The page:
ArcelorMittal pins its hopes on exports
Low steel demand in SA prompts search for opportunities elsewhere
With current steel demand in SA almost at a 10-year low, steelmaker ArcelorMittal is looking for export opportunities in the rest of Africa, says CEO Kobus Verster.
The domestic steel demand looks set to be lethargic for longer, with economic growth being slow. The IMF this week lowered its economic forecast for 2018 to 0.8%, from 1.5%. It also lowered the 2019 forecast from 1.7% to 1.4%.
“Most steel companies require a reasonably strong local demand to be profitable. We are at the bottom of the cycle at this point in time and steel demand is severely impacted, with the current steel consumption in SA almost at a 10-year low,” Verster said.
He said the company wanted a bigger market share in the rest of Africa as there was no evidence of growth in domestic demand.
The foray into new markets was among steps the company was taking to improve financial and operational performance. These included restarting the Vaal Meltshop plant in Vereeniging.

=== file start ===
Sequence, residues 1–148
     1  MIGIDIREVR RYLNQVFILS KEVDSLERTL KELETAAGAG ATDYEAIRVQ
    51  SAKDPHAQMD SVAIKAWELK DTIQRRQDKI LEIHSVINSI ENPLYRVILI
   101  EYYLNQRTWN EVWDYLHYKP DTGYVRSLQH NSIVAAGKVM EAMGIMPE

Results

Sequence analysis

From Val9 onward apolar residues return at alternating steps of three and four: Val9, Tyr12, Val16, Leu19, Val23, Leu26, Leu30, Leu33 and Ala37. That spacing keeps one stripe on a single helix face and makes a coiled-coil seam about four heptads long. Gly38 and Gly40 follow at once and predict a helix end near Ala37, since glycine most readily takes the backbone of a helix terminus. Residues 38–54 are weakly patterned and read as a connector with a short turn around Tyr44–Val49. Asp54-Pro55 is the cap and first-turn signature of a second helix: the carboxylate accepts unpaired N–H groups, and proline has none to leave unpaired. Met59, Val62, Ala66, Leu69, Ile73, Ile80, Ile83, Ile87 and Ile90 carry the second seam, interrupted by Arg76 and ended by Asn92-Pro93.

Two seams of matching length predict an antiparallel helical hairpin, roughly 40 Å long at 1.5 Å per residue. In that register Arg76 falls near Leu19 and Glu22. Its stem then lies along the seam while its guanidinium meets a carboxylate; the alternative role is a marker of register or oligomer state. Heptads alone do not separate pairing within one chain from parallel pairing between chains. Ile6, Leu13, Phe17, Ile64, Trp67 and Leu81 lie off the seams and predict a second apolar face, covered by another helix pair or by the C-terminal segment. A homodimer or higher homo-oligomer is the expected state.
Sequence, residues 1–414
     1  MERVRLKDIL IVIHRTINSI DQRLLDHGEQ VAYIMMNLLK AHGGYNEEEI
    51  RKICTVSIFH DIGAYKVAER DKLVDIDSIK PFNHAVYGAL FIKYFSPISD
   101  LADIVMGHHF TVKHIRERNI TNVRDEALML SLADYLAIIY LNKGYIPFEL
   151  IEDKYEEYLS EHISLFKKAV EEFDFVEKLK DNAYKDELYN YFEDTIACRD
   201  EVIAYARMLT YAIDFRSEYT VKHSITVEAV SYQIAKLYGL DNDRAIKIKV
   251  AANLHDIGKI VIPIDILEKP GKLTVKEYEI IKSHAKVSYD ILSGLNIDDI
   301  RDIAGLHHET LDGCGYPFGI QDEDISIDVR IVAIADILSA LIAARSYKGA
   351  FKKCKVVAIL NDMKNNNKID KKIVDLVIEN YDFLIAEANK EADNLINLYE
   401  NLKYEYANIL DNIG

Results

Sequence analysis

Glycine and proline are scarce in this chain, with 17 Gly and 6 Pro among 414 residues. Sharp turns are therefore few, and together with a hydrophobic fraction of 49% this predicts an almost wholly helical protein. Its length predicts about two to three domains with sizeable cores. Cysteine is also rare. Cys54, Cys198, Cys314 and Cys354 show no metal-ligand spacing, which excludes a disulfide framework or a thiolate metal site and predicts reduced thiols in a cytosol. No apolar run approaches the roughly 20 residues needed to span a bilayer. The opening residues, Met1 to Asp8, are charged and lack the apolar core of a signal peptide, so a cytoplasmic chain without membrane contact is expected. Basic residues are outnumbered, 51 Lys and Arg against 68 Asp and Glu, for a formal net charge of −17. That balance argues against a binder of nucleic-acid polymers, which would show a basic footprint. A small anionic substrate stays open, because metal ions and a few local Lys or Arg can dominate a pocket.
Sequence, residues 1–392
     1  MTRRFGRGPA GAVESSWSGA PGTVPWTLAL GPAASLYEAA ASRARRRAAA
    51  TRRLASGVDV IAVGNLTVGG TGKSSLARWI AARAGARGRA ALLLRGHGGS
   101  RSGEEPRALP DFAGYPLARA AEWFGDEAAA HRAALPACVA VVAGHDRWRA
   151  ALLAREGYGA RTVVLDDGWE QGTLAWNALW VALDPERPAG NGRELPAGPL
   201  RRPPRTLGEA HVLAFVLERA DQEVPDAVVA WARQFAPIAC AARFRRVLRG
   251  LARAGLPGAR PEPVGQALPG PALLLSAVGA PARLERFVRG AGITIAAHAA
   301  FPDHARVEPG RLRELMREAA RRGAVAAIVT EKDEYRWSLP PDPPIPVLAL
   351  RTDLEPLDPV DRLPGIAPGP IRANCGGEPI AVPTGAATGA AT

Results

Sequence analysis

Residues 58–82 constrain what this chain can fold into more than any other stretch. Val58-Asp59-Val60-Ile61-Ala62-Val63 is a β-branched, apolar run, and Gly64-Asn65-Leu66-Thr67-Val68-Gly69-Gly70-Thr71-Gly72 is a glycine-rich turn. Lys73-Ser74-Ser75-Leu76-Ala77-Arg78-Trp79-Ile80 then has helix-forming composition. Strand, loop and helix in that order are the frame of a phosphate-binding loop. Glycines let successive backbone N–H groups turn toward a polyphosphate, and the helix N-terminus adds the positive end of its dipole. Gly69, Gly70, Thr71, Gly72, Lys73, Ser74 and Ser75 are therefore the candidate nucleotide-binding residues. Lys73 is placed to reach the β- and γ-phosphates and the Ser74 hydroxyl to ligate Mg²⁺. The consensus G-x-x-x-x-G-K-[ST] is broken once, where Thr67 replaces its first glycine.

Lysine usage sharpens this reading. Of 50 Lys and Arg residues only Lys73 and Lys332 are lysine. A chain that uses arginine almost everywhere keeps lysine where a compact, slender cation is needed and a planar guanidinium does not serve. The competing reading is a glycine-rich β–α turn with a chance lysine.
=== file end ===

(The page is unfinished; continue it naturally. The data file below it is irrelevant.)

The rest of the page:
Verster said the company had prioritised reducing its cost base. “I think it is naïve to think that you can come out of a period of seven or eight years of losses and suddenly start making profits.”
The company’s “structured” cost reduction included lowering costs by $50 a ton, which would improve the company’s sustainability. In addition, ArcelorMittal wanted to increase its output, hence the decision to restart Vaal Meltshop.
In August, the company said it was evaluating the building of a new arc furnace at the Vanderbijlpark mill, with a capacity of 700,000 tons to 1-million tons a year. Verster said the facility would stimulate employment and procurement benefits for the Vaal area.
The low steel demand was in contrast to the improvement in international steel demand in the past two years. “China has become much more responsible in its supply. Internationally, we are around 80% of global steel capacity utilisation. That has resulted in much better prices. In the past two years, steel companies in Europe, US, Canada, China and South America are making good money,” Verster said.
Commenting on US tariffs on imported steel and aluminium, he said the company’s exposure to the US market was minimal. But there could be a risk of countries now exporting to the US diverting their material to ArcelorMittal’s traditional export markets, especially east Africa. “We have not seen that yet,” he said.